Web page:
HORACE EATON was born in Barnard, Vermont. After graduating from Middlebury College, he taught at Middlebury Academy for two years and then moved to Enosburg, where his father practiced medicine. He studied under his father as well as at Castleton Medical College and joined his father's practice. In addition to serving as Enosburg town clerk for a number of years, he was Superintendent of Schools from 1845 to 1850 and shocked the nation with his first Annual Report, which revealed the inadequacies of the public schools. He was a member of the Vermont House of Representatives in 1829-1830 and again in 1835-1836. He was also a member of the State Senate in 1837 and from 1839 to 1843. He served as Lieutenant Governor from 1843 until 1846, when he received the Whig Party's nomination for governor. Since neither he nor the other two gubernatorial candidates received a majority of the popular vote, the decision as to who would be governor was left up to the state legislature, which selected Eaton. During his administration, Eaton was opposed to the admission of slave states to the Union and to war with Mexico. He succeeded in securing passage of a general license law, which called for a popular referendum to determine whether to require licenses for purveyors of intoxicating liquors. After two terms as governor, Eaton retired from public life, becoming a professor of chemistry and natural history at Middlebury College, a position that he held until his death on the 79th anniversary of American independence.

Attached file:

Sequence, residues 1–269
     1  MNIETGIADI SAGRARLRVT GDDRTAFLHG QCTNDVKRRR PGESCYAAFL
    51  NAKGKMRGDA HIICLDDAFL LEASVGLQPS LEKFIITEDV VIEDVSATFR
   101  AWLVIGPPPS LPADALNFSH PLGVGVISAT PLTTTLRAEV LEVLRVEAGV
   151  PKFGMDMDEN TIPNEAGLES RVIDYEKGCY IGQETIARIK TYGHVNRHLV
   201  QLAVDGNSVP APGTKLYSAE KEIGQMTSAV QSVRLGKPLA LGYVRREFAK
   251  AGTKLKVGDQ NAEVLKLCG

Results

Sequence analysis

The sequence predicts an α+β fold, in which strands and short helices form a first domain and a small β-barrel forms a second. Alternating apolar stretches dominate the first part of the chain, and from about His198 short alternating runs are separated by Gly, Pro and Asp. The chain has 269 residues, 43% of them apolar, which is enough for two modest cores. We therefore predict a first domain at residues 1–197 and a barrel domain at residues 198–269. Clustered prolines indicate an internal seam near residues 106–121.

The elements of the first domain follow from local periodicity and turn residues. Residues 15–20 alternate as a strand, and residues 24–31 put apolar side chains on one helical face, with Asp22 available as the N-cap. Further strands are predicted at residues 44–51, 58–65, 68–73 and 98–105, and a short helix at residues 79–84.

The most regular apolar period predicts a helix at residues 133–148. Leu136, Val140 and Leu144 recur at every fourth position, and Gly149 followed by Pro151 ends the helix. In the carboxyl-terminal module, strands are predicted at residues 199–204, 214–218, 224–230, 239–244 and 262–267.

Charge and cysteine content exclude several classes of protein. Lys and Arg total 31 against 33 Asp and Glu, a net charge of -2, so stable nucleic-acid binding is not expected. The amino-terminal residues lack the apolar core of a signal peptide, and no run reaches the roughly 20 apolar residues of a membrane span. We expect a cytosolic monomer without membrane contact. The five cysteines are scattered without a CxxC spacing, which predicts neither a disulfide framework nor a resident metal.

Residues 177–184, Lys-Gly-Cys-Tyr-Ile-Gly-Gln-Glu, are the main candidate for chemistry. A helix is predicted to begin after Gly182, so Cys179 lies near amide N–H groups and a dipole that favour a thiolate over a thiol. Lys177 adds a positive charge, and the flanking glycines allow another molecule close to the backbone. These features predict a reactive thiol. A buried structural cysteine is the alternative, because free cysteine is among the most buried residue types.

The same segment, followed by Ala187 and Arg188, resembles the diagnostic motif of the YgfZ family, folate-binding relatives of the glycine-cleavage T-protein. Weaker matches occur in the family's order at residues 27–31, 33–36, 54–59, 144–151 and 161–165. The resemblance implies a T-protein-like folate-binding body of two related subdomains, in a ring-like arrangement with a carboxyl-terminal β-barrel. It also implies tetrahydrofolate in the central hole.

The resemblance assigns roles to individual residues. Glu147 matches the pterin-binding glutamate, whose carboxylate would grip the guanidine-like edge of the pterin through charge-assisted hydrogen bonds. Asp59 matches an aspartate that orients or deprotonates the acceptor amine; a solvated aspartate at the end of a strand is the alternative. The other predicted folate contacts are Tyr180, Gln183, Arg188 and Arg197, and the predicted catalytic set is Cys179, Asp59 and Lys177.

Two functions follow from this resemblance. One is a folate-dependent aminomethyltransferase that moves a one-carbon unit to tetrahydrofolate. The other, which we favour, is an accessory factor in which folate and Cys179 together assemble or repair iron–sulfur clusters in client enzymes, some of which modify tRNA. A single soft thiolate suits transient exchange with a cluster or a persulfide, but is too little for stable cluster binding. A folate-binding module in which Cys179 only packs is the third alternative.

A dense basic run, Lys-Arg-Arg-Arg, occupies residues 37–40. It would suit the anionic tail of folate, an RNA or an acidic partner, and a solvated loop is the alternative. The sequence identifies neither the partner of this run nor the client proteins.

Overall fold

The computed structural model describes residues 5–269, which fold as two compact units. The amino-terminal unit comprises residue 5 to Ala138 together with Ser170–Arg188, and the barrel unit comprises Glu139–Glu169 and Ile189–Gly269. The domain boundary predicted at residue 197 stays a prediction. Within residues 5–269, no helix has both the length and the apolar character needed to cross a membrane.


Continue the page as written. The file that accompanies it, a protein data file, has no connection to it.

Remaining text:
Sobel, Robert, and John Raimo, eds. Biographical Directory of the Governors of the United States, 1789-1978, Vol. 4. Westport, CT: Meckler Books, 1978. 4 vols.
The National Cyclopaedia of American Biography, Vol. 8. New York: James T. White & Company.